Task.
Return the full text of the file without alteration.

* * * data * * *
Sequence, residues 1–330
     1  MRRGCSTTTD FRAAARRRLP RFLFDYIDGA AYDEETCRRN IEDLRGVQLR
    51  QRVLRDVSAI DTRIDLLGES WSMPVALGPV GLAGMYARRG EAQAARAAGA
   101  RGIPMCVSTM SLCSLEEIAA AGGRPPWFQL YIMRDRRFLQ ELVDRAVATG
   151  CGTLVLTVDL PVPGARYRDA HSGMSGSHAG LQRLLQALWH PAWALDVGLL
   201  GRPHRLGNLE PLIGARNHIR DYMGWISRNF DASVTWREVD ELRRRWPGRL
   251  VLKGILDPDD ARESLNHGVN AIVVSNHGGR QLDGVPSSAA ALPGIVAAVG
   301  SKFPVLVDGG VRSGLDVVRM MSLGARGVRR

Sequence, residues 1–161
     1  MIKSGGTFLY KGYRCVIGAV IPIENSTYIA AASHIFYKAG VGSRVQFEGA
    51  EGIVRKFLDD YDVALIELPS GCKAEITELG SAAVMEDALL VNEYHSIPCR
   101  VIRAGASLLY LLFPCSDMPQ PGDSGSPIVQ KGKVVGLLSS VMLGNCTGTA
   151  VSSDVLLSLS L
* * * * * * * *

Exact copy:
Sequence, residues 1–330
     1  MRRGCSTTTD FRAAARRRLP RFLFDYIDGA AYDEETCRRN IEDLRGVQLR
    51  QRVLRDVSAI DTRIDLLGES WSMPVALGPV GLAGMYARRG EAQAARAAGA
   101  RGIPMCVSTM SLCSLEEIAA AGGRPPWFQL YIMRDRRFLQ ELVDRAVATG
   151  CGTLVLTVDL PVPGARYRDA HSGMSGSHAG LQRLLQALWH PAWALDVGLL
   201  GRPHRLGNLE PLIGARNHIR DYMGWISRNF DASVTWREVD ELRRRWPGRL
   251  VLKGILDPDD ARESLNHGVN AIVVSNHGGR QLDGVPSSAA ALPGIVAAVG
   301  SKFPVLVDGG VRSGLDVVRM MSLGARGVRR

Sequence, residues 1–161
     1  MIKSGGTFLY KGYRCVIGAV IPIENSTYIA AASHIFYKAG VGSRVQFEGA
    51  EGIVRKFLDD YDVALIELPS GCKAEITELG SAAVMEDALL VNEYHSIPCR
   101  VIRAGASLLY LLFPCSDMPQ PGDSGSPIVQ KGKVVGLLSS VMLGNCTGTA
   151  VSSDVLLSLS L